The Racial Gag Order
While at this point in America’s history, it’s more common to discuss these issues publicly, sharing opinions about issues of race as I do on this blog or social media causes some to refuse to work with me. Again, they don’t tell me directly that’s their reaction to my speaking up about discriminatory treatment toward people of color. They stop contacting me or responding to my queries for work.
So, despite how vocal I am about many issues, this racial gag order made me stay silent, at least publicly, about this experience. Facing this polite white supremacy, most women of color feel they must, under the guise of respectability, remain silent when they have career challenges, or suffer economic loss for speaking out. But, silence in the face of racial oppression is emotionally and, often, physically exhausting.
It was three of my white friends, two men and a woman, who encouraged me to speak out about this. They all said, in essence, “Don’t worry about those who won’t want to work with you if you speak out. They wouldn’t have wanted to anyway, and your speaking out provides them an excuse to remain racist. You don’t want clients like these. Find those who let you be a whole person and work with them.”
I didn’t need their permission as much as I did their support since four are successful journalists, two much more veteran than I am who’ve written best-selling books. And they’re white, so they remind me of what white people in media are going to do whether I try to make them comfortable at my expense or not. Those whites who don’t want to will refuse to see me as anything but “the other” who was bred to ensure their comfort. That will start the moment they encounter me for the first time.
Mixed Fruit and Social Experiences
From the time they meet me, most people make multiple assumptions about me based on what they see rather than allowing me to be a whole individual. They treat me like they treated Michelle Obama. Like her, I have an undergraduate degree from a prestigious undergrad institution and am pursuing a graduate degree from a top 20 national university.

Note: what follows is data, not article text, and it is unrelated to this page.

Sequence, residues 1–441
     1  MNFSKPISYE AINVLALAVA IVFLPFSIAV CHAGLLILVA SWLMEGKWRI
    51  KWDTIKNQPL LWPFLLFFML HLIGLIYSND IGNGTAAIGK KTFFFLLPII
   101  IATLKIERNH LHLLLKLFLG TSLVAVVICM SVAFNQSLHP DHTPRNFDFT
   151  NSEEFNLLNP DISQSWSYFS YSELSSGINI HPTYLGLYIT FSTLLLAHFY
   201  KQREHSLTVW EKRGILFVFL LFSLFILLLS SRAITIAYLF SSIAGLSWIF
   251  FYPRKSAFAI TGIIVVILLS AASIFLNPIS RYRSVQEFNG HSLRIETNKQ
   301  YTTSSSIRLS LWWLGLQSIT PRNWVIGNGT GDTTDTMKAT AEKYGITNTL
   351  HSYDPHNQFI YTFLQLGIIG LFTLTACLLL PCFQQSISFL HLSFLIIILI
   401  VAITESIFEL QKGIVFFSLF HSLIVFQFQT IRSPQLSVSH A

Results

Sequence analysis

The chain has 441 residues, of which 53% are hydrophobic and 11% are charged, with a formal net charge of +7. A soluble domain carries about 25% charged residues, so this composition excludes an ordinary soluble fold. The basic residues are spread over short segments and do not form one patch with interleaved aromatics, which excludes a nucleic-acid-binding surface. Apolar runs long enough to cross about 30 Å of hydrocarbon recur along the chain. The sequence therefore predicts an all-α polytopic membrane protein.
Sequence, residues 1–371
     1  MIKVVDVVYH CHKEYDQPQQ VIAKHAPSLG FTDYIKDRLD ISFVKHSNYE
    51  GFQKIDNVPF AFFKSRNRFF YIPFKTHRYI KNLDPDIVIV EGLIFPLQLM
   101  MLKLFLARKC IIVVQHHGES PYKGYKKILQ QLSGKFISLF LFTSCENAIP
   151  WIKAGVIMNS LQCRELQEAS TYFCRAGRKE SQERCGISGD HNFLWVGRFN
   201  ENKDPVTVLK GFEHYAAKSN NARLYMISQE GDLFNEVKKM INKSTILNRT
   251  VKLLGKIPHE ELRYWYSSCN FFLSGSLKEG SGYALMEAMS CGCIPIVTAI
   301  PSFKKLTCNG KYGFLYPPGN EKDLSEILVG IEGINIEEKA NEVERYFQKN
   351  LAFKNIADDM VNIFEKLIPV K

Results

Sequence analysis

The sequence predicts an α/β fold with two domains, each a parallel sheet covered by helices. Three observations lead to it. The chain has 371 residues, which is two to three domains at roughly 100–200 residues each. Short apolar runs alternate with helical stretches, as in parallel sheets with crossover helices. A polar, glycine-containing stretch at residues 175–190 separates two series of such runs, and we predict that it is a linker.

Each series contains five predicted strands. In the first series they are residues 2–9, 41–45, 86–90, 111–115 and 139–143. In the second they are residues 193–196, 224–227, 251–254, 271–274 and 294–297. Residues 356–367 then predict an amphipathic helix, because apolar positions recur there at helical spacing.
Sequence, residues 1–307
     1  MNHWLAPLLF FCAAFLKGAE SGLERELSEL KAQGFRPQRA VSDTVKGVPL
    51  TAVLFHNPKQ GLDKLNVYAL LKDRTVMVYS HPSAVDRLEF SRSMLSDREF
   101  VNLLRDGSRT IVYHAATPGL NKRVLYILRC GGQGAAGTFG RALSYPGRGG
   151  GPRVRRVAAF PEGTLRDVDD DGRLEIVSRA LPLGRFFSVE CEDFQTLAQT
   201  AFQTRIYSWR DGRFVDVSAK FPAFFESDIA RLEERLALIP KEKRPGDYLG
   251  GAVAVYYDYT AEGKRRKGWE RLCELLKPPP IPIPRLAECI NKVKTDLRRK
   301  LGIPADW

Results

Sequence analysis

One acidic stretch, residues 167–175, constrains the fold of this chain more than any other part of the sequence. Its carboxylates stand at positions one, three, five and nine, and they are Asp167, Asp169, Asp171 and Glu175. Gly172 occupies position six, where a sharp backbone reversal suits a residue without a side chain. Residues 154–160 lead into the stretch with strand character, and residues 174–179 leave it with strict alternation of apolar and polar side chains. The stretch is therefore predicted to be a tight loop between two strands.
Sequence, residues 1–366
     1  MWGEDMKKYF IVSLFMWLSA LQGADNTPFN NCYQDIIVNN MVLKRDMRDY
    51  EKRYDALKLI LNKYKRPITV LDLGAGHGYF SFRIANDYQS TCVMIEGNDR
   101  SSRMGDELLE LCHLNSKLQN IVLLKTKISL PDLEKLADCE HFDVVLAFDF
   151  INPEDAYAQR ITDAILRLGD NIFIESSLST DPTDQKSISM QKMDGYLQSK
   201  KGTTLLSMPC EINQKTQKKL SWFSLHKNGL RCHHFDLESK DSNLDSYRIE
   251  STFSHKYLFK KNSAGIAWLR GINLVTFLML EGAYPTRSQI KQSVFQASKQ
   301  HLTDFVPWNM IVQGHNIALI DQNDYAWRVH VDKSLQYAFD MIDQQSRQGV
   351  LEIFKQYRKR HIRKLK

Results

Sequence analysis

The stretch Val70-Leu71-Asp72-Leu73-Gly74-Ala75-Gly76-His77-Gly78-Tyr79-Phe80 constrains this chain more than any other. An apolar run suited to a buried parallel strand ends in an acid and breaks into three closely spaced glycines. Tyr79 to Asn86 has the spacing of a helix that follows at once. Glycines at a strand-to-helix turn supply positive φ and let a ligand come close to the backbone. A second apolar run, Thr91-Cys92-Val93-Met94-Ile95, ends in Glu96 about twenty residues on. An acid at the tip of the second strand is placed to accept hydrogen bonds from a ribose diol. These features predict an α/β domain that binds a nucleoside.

Nonetheless, as was true with the former First Lady, even for white progressives and far too many people of color, it’s hard for them to look at me and believe I’ve had experiences that differ from what they assume. They can’t imagine I live a life that’s inconsistent with what they think my identity ought to be.
For example, if I was sitting in a public eatery with the bowl of mixed fruit and grains shown in this post’s header image in front of me, many whites passing by would be surprised. They assume I wouldn’t eat this or sushi or some other “white people food.” (Other people of color are guilty of this, too.)
They’ve decided the amount of melanin in my skin limits my dietary choices. They’re wrong. This is how I eat regularly, and this kind of food has been my preference since childhood. It’s as normal to me as breathing. (I learned my food choices, this one, in particular, is consistent with Finnish DNA I learned I have recently.)
Throughout my journalism career, people commonly have made assumptions about my writing options, too. Many decide based on my perceived racial identity my reporting capabilities are limited. Many have looked at me or learned something about me and decided, “She must be, do, believe and want to write about this because she’s black/multiracial/cisgender female/mother/mature/Christian.”